Review and road test of the Toyota Aygo x-cite
X MARKS THE SPORT
If you want a citycar with attitude, then Toyota's Aygo should already be high on your list. This top x-cite variant though, takes things up a notch. The experts at Car & Driving check it out
Ten Second Review of the Toyota Aygo x-cite
If you've £12,500 to £13,500 to spend on a citycar and want it to stand out, then this Toyota Aygo x-cite model might well appeal. Its bright bi-tone yellow paint makes it stand out - and there are all the other usual Aygo virtues too.
Toyota goes to extraordinary lengths to give its customers what they want. The company's global success is founded on customer clinics and buying feedback the world over. So when this Japanese brand says it knows what younger budget buyers want, it's worth taking notice. And what they're currently looking for, it seems, is something like this, the Aygo x-cite.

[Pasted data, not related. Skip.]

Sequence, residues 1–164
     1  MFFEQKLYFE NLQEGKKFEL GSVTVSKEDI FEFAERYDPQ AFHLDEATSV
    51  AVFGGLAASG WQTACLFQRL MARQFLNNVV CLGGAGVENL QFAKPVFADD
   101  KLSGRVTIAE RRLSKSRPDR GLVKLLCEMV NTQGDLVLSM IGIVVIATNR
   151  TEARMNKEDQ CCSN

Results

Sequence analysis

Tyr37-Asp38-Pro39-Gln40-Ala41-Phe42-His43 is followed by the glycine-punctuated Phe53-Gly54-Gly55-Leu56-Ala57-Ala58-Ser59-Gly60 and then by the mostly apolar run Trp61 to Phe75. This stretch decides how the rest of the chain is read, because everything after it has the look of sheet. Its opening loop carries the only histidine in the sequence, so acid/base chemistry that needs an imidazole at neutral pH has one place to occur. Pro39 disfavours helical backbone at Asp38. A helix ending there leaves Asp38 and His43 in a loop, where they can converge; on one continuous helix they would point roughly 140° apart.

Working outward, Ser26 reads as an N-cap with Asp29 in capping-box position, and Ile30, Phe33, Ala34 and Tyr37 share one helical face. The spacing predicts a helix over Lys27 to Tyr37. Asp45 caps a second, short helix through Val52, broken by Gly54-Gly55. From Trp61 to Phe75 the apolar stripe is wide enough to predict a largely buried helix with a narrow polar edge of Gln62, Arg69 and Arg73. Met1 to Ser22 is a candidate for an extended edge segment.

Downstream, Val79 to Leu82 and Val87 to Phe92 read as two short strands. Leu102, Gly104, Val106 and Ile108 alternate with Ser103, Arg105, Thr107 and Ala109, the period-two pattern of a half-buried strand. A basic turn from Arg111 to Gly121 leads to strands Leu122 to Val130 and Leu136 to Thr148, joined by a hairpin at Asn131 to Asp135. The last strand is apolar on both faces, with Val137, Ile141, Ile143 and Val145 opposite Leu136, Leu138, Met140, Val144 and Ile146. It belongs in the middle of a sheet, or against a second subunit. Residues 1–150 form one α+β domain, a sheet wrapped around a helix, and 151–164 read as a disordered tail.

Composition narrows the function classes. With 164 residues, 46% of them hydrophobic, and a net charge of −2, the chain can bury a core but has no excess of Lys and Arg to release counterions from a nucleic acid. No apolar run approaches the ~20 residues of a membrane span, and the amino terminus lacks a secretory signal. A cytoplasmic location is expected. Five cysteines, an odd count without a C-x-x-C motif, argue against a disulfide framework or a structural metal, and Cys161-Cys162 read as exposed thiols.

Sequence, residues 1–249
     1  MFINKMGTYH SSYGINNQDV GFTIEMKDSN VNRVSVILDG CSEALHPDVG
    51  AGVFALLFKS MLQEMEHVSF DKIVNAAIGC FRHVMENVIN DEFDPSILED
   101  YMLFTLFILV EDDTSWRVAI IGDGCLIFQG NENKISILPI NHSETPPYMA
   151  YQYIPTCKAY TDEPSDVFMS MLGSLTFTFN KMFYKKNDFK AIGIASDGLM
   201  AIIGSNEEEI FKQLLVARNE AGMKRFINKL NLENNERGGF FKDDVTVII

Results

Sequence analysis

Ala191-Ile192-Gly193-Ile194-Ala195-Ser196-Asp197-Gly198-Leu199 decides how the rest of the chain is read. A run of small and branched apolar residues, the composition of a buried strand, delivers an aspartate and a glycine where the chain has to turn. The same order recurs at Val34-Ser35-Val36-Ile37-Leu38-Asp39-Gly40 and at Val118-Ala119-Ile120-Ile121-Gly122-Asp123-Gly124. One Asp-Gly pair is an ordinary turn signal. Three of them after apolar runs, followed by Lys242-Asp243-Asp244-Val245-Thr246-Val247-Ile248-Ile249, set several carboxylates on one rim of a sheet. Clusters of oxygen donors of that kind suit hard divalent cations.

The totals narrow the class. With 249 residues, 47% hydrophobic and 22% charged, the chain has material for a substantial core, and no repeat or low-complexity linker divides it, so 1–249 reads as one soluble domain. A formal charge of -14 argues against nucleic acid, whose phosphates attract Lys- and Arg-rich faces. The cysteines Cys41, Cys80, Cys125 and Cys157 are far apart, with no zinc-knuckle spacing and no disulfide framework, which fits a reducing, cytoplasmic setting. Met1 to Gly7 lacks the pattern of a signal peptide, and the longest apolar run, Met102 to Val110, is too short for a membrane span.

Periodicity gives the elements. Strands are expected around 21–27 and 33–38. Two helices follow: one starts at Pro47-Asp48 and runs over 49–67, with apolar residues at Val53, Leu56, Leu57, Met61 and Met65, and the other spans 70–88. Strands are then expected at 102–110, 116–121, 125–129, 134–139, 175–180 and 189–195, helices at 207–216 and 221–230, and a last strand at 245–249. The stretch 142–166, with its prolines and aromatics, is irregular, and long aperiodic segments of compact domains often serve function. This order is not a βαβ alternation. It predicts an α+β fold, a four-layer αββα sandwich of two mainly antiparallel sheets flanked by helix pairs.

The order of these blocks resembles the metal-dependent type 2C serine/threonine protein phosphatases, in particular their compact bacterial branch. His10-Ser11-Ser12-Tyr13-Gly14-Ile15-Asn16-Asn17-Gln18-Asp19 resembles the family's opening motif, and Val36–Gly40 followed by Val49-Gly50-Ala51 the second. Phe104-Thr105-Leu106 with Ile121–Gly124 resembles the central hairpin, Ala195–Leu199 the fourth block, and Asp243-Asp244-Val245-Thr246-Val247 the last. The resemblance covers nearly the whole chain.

The idea here is to make an already quite visually arresting ca stand out further. So x-cite buyers get a smart bi-tone yellow paint job, special wheels and various other matching elements. As a result, buyers can be pretty sure that no one else down their street is going to have an Aygo that's quite the same. There's nothing different beneath the bonnet of course. Like all Aygos, this one gets a frugal revvy little 1.0-litre petrol engine. Let's check it out.